WHO Expert Committee on Specifications for Pharmaceutical Preparations - WHO Technical Report Series, No. 834 - Thirty-third Report
(1993; 36 pages) View the PDF document
Table of Contents
View the documentWHO Expert Committee on Specifications for Pharmaceutical Preparations
View the document1. Introduction
Close this folder2. The international pharmacopoeia and related activities
View the document2.1. Quality specifications for drug substances and dosage forms
View the document2.2. Dissolution test for solid oral dosage forms: paddle method
View the document2.3. Therapeutic equivalence of multisource products
View the document2.4. International nonproprietary names for pharmaceutical substances
Open this folder and view contents3. International Chemical Reference Substances and International Infrared Reference Spectra
View the document4. Quality control methods for medicinal plant materials
View the document5. The WHO Certification Scheme on the Quality of Pharmaceutical Products Moving in International Commerce
Open this folder and view contents6. Good manufacturing practices for pharmaceutical products
View the document7. Development of globally acceptable standards for excipients
Open this folder and view contents8. Stability of dosage forms
View the document9. Simple test methodology
View the document10. Quality assurance in pharmaceutical supply systems
Open this folder and view contents11. Pharmaceutical production in developing countries
View the document12. Training
View the documentAcknowledgements
View the documentReferences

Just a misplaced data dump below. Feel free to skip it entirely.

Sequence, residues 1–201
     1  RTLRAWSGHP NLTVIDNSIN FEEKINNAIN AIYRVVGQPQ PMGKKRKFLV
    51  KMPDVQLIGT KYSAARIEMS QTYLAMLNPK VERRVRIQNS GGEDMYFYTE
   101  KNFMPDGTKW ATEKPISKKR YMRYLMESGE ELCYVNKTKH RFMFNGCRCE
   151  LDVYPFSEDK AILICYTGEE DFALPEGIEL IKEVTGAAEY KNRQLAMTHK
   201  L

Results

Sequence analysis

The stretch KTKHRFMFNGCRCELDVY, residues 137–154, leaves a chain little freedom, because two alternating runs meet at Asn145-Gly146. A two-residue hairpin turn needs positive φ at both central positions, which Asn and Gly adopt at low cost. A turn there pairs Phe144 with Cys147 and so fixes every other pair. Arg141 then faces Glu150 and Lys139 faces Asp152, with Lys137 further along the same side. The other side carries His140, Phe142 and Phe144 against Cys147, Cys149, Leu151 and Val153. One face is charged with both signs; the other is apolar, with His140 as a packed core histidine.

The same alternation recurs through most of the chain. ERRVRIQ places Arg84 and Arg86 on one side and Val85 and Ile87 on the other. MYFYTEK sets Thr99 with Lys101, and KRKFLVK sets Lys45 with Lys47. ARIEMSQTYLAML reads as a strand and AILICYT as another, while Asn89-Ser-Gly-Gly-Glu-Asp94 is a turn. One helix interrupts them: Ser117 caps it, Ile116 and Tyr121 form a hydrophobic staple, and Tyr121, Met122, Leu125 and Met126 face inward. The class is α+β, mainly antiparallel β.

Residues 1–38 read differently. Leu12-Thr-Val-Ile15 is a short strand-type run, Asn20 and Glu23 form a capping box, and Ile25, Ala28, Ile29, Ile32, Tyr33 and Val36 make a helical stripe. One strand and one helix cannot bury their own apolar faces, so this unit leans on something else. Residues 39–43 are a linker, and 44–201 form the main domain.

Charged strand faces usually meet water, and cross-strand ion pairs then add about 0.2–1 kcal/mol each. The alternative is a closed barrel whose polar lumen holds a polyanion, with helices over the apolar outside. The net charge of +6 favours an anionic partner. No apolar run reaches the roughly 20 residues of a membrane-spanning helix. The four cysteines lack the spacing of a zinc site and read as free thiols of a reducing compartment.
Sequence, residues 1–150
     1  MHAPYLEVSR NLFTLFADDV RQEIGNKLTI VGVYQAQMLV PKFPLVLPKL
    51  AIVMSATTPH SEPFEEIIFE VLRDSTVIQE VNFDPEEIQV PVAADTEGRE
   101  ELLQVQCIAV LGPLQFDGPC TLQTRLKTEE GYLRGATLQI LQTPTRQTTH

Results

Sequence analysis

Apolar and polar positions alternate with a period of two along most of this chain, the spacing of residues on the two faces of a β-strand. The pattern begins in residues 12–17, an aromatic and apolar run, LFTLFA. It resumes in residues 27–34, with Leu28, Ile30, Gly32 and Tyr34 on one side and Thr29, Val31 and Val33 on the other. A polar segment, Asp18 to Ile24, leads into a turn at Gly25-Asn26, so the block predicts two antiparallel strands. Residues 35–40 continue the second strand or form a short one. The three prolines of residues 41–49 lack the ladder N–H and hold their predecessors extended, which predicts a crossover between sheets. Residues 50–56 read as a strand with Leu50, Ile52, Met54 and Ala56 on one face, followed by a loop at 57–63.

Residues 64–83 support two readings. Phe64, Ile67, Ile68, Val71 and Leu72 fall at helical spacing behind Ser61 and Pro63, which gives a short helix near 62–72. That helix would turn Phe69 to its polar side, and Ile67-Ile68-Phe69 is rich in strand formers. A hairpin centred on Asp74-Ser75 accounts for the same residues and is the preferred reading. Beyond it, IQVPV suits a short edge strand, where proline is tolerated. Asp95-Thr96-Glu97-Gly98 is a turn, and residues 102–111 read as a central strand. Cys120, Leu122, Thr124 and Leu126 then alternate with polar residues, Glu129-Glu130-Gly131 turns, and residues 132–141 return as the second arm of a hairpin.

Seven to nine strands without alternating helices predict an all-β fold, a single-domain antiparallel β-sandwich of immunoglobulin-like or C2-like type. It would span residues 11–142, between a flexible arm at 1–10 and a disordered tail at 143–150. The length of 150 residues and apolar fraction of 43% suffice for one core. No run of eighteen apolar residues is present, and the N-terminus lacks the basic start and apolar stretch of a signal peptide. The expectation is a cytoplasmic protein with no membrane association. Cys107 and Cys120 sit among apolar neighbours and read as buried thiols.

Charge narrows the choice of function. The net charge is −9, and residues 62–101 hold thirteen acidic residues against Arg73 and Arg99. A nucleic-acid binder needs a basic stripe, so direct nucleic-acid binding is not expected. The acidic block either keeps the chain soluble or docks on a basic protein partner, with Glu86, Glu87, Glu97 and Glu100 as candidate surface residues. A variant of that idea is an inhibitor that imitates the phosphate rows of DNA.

View the documentAnnex 1 - List of available International Chemical Reference Substances1
View the documentAnnex 2 - List of available International Infrared Reference Spectra
Open this folder and view contentsAnnex 3 - Good manufacturing practices for biological products1
View the documentBack Cover
 

2.3. Therapeutic equivalence of multisource products

While the inclusion of dissolution requirements in The international pharmacopoeia was considered to be an important step forward, it was recognized that an in vitro dissolution test was only one stage in the procedure for ensuring that multisource products were therapeutically equivalent. Information on the interchangeability of conventional-release solid dosage forms from a wide range of sources, all containing the same quantity of the same active ingredient, was essential for those responsible for approving the registration of products.

It was recognized that existing national regulatory requirements varied with respect to multisource products and that a need therefore existed for global guidelines. It was suggested that WHO, among other appropriate activities, might:

- undertake a survey of national legislation and practices with regard to registration requirements, and the prescribing and dispensing in retail pharmacies of multisource products;

- compile and review at regular intervals a list of drug substances that may be associated with bioavailability problems (including those of narrow therapeutic index, etc.);

- collect and compile available information on the correlation between activity in vivo and in vitro for essential drugs presenting problems (reported, for example, via drug monitoring services) of bioavailability and bioequivalence;

- develop WHO guidelines for bioequivalence studies, in the context of the WHO guidelines on good clinical practices currently in course of preparation;

- establish a policy and recommendations with regard to the role of dissolution testing in the quality control of drugs and in determining whether they are therapeutically equivalent.

 

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